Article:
Minister O’Gorman publishes the Annual Early Years Sector Profile Report 2019/2020

Minister Roderic O’Gorman has published the Annual Early Years Sector Profile Report 2019/2020. This annual report – the eighteenth in the series – provides a detailed overview of the ELC and SAC sector in Ireland, including the numbers of children in receipt of state subsidies, information on ELC and SAC fees, staff wages, qualifications and turnover.

The report, which plays a central role in informing policy development and in assessing the impact of policy change, is based on a survey of ELC and SAC providers in Ireland and administrative data from DCEDIY schemes. The report is produced by Pobal on behalf of the DCEDIY.

The Annual Early Years Sector Profile report is based on information collected at the end of June 2020 during an unusual and challenging period, amid the Covid-19 pandemic, when ELC and SAC providers were preparing to reopen. Despite the difficult circumstances almost 3,000 providers completed the survey, demonstrating their commitment to provide evidence for policy-making.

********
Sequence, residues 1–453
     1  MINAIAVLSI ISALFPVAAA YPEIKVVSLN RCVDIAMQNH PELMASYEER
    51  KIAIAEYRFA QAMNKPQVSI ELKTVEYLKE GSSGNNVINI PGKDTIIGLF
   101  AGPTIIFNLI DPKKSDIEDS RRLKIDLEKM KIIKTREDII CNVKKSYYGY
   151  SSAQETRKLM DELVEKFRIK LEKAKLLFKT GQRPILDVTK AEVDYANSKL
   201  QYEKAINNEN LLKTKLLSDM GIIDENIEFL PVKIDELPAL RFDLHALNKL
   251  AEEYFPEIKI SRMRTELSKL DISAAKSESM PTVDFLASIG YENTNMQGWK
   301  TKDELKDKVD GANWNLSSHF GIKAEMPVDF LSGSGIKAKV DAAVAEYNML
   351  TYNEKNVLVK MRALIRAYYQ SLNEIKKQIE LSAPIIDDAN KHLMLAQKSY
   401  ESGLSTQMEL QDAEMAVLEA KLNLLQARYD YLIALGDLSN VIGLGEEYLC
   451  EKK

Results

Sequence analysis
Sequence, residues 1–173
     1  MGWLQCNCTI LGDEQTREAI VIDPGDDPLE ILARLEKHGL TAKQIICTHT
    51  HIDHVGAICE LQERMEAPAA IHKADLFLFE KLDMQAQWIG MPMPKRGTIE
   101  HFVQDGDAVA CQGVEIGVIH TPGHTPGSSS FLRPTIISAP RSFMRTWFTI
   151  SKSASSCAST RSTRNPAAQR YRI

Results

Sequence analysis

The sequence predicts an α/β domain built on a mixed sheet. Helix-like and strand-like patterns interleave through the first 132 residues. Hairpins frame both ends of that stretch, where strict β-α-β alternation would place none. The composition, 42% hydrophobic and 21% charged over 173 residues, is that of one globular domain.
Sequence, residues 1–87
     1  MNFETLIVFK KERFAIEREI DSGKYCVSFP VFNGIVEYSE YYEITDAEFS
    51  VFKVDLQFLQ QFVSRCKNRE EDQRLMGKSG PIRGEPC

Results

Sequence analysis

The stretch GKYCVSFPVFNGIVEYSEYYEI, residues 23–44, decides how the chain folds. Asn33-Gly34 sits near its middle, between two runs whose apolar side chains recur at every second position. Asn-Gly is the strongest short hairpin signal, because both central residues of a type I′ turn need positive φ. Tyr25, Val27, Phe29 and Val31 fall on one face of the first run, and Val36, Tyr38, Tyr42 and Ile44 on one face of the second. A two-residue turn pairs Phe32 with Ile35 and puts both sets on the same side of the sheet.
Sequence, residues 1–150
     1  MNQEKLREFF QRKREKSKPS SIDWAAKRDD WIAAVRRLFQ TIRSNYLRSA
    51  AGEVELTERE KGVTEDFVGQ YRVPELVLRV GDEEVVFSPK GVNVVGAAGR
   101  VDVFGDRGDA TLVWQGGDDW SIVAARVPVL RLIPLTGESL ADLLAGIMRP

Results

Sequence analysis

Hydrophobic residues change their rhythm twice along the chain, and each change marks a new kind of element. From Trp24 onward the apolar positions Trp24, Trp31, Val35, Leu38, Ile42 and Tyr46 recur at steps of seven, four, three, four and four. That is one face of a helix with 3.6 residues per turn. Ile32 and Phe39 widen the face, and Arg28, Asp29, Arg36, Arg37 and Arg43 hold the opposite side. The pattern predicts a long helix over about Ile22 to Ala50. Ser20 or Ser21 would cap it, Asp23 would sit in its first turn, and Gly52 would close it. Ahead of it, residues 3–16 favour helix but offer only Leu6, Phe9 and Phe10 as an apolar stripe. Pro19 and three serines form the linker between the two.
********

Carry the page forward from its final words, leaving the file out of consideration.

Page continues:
Speaking on the report, Minister O’Gorman thanked all the ELC & SAC providers who participated in the survey and reflected on some of the key findings and said:

“I am very pleased to publish the 2019/20 Annual Early Years Sector Profile Report. Undoubtedly, 2020 marked one of the most difficult years we have collectively faced and I recognise and applaud the leadership shown by services and staff in the context of Covid-19, putting children and their families at the heart of their work.

“Notwithstanding the impact of Covid-19, I am struck by the positive developments across the sector and through the data evidenced in this report. This report reveals another year-on-year increase in the number of children with additional needs receiving support under the Access and Inclusion model. The continued progress towards a highly qualified workforce is also very positive, with a significant increase in the number of staff qualified to level 7 or higher.”

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